Authorities continued to stifle dissent, and opposition appeared increasingly divided. Authorities 1 March charged journalist Amadou Diouldé Diallo – detained late Feb after he criticised President Condé in radio broadcast in Jan – with “offence to the president”; NGO Reporters without Borders 17 March called for his immediate release. Court of Appeal in capital Conakry 4 March confirmed Dixinn Court’s early Feb decision to keep main opposition party Union of Democratic Forces of Guinea (UFDG)’s headquarters closed; offices were shut down in Oct 2020. UFDG 16 March said authorities same day prevented party leader Cellou Dalein Diallo from leaving country and seized his passport. Legal team of five opposition figures imprisoned for over four months on several charges, including “infringement of the fundamental interests of the nation” and “inciting violence”, 12 March lodged complaint with West African regional bloc ECOWAS Court of Justice, citing irregularities in judicial procedure. NGO Human Rights Watch 17 March said four opposition supporters died in detention between Nov 2020 and Jan 2021; NGO Amnesty International had disclosed similar findings in Feb. Meanwhile, Condé 1 March pardoned seven individuals imprisoned for “illegal gathering”, but hundreds of opposition supporters arrested around March 2020 constitutional referendum and Oct 2020 presidential election still in pre-trial detention. Condé next day received Mamadou Sylla, nominally leader of parliamentary opposition, and allowed him to visit imprisoned opponents; prominent figure of civil society coalition National Front for the Defence of the Constitution Oumar Sylla, alias Foniké Mengué, who has been detained in Conakry prison since Sept 2020, 11 March refused to meet him, accusing him of playing into Condé’s hands.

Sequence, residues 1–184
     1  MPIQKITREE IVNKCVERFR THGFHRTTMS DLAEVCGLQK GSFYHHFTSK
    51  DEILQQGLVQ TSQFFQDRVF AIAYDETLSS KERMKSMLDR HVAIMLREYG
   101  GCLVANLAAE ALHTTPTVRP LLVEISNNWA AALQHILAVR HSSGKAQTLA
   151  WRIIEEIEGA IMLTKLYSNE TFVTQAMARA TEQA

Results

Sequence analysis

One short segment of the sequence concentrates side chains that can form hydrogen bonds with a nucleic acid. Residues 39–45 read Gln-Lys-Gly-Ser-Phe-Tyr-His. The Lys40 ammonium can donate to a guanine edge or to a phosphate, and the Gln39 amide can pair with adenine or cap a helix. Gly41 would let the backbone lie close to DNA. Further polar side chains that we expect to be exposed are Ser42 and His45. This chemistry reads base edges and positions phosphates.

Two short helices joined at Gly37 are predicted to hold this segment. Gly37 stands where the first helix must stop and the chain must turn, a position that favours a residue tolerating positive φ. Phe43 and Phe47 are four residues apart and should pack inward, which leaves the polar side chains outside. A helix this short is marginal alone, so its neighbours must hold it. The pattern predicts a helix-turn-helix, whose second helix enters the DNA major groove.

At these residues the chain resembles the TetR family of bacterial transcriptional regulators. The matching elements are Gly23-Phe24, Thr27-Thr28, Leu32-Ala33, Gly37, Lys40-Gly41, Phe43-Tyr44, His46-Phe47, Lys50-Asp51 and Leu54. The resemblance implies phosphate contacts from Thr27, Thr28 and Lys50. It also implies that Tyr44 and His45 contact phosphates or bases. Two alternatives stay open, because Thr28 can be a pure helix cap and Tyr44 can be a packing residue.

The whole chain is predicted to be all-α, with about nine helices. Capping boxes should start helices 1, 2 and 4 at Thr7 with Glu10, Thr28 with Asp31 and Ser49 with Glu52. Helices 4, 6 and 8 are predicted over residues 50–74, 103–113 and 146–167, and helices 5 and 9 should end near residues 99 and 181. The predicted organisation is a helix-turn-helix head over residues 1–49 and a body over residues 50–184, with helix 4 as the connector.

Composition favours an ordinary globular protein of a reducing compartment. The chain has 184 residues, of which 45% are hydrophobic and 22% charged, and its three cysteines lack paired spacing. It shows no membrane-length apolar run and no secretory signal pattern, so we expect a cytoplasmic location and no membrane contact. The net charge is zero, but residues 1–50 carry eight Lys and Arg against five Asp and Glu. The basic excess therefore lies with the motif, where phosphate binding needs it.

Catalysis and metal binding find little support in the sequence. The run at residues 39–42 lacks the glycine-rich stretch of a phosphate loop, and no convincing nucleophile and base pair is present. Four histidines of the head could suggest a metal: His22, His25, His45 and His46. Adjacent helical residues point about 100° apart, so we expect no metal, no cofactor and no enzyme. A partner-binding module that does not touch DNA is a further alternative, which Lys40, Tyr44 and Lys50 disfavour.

NGOs accused authorities of suppressing dissent. NGO Committee to Protect Journalists 16 March said four unidentified gunmen 9 March abducted journalist António Aly Silva in capital Bissau and later beat him unconscious; President Embaló had reportedly called Silva few days before to complain about article critical of govt. NGO National Network of Human Rights Defenders in Guinea-Bissau 26 March denounced increasing violence against human rights activists, especially in country’s south.